“ambulance chaser” disposition of being in it for the money and not sympathizing with

the victims, but every fire needs a spark and this was it. From here, he decided to take on

the case and we see his selfish demeanor, even if he was trying to help the families win

large sums of money as an “apology”. However, Jan is not the only one to blame, James

Gordon mortgages all of their houses without warning, just as Jan does things without

consulting his partners. Another event that I think contributed to Jan’s transformation was

listening to and picturing Neil Jacob’s son dying in the car on the way to the hospital. I

think this affected him so because he said he drives on that highway everyday; the

thought, from then on, nagged at him. With the first proposition to settle, we start to see

how, even though money cannot make up for the loss of a child, he refuses $8 million

total to split among the families because, as he tells Gordon, “this isn’t about money

anymore” even though with the settlement they could crawl out of debt. This is where I

believe his change of character becomes truly authentic as he refuses to let Facher and

Cheeseman “make fools of them.” Many, I think, take the term “them” to be Jan and his

partners; however, I believe he was thinking of the families being made fools as well for

accepting $375,000 each for the loss of a child. By Facher and Cheeseman accepting the

offer Jan proposes, $25 million for compensation, $25 million for research, and $1

million per family every year for thirty years, they would be admitting that the companies

they represented were guilty of murder and the continuous carcinogens flowing into the

water supply every day. At the end of the film, we learn that Jan has $14 dollars to his

name and he wouldn’t have done it any differently; this statement shows the validity that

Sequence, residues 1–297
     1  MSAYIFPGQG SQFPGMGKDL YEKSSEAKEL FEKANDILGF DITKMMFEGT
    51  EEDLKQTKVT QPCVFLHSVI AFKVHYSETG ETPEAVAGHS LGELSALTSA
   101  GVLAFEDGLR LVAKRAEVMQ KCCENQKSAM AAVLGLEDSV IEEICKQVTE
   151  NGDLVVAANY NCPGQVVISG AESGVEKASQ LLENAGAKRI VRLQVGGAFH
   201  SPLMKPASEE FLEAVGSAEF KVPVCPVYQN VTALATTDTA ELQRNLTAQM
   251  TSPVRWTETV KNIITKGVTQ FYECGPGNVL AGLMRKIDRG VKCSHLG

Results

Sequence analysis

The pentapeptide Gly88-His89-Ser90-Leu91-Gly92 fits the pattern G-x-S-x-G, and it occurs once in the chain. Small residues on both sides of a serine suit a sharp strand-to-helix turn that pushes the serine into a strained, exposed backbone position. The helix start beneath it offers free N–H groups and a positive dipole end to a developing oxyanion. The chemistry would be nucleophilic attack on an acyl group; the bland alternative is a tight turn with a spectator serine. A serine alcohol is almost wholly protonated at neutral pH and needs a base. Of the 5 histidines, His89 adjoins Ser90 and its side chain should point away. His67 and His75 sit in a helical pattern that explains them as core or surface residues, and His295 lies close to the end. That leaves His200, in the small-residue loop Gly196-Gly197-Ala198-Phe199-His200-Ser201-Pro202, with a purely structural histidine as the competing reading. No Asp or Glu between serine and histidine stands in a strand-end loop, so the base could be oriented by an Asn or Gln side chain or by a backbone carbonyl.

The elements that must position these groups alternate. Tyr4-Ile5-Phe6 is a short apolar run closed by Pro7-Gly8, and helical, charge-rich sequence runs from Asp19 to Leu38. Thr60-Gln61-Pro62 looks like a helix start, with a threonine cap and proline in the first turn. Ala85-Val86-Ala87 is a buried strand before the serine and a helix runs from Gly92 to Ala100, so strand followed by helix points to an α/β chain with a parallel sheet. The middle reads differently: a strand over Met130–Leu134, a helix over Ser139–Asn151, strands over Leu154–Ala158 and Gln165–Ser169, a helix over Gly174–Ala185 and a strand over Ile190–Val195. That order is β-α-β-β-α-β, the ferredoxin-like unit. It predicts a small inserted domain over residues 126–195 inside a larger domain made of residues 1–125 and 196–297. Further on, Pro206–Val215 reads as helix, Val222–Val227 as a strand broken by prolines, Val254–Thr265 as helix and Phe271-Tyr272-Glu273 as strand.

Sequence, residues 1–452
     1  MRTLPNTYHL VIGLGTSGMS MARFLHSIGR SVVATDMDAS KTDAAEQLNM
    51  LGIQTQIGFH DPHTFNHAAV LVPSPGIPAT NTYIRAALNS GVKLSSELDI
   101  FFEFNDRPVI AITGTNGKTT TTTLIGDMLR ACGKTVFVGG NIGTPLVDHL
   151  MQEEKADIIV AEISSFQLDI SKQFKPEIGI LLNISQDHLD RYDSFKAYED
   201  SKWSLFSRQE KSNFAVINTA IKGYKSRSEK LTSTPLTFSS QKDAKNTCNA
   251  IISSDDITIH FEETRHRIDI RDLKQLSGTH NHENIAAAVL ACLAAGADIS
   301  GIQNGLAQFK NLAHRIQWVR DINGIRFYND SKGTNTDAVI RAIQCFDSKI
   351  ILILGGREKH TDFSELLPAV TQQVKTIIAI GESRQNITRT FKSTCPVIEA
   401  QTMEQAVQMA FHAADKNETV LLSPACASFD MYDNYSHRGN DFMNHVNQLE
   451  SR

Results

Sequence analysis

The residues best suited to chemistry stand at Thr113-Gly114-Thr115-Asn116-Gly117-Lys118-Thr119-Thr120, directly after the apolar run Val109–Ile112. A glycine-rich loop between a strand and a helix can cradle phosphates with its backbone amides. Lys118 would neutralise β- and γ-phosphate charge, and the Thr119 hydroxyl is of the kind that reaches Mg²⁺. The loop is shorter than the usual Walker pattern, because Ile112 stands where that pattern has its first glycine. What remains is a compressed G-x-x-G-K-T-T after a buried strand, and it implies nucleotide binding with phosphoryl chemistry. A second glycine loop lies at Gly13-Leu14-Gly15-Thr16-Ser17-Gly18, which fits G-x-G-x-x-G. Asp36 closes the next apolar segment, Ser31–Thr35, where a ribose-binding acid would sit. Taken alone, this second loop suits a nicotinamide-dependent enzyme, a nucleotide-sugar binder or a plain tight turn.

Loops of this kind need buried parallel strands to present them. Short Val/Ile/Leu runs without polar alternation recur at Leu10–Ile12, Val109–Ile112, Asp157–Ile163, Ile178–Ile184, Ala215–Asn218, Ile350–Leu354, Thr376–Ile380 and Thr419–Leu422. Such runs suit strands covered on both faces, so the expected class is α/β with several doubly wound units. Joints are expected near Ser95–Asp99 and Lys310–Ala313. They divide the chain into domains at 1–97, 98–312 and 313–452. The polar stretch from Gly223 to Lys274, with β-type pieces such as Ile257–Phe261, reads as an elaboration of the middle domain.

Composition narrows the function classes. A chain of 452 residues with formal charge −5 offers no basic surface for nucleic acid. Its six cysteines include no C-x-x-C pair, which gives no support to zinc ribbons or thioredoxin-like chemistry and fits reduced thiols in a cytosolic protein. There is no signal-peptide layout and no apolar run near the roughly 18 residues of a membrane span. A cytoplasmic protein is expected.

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by practicing law, he is no longer in it for the money. However, he was right about

empathy clouding an attorney’s judgment if they share in their client’s pain; he took the

road less traveled, fought the case for the right reasons, and ended up broke.

The way people are brought up has a very strong impact on the person they will

become later in life. We know that at the start of the movie, Jan was hard headed and

money hungry; he wouldn’t take a case unless the outcome was in his favor.

Environmental factors, peers, and life-changing events also contribute to a person’s

disposition and future actions they will take. By the end of the movie, it is safe to say that

Jan was a changed man because of this life event that crossed his path. He empathized

with the families and, therefore, took on their burdens. I would say that of the three things

I listed that contribute to a person’s deposition, life-changing events are the most

influential. Today, Jan is an environmental lawyer with no partners, so clearly taking on

this one case reoriented his life and impacted his relationships with the people that he was

the closest with. Making moral and ethical decisions, especially drastic ones such as this,

can harm relationships due to disagreements and greed.

If I were in one of the whistleblowers positions I definitely would have reported

the dumping. From the articles, I would have weighed the pros and cons of my actions

but I think that death and malformations is worth more than my job. If I was in Al Love’s

position and worked at the place that was doing these things, I wouldn’t hesitate either

because I could not live with myself knowing that the company is intentionally dumping

carcinogens, harming not only my family but others as well. Jan’s position is a little more

difficult to make a choice because, although I am not money hungry, being millions of

dollars in debt and homeless is not a life I would wish to live. But on the other hand, I
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would want to bring about as much justice as you can for the death of children. If I was in

Jan’s shoes, I may have tried to get the Environmental Protection Agency involved and

let them investigate first. Then, taking the EPA’s findings, defend the families and

hopefully not go bankrupt. However, like I said before, it depends upon the person and

their morals and how ethical of a person you are when handed difficult situations such as

these.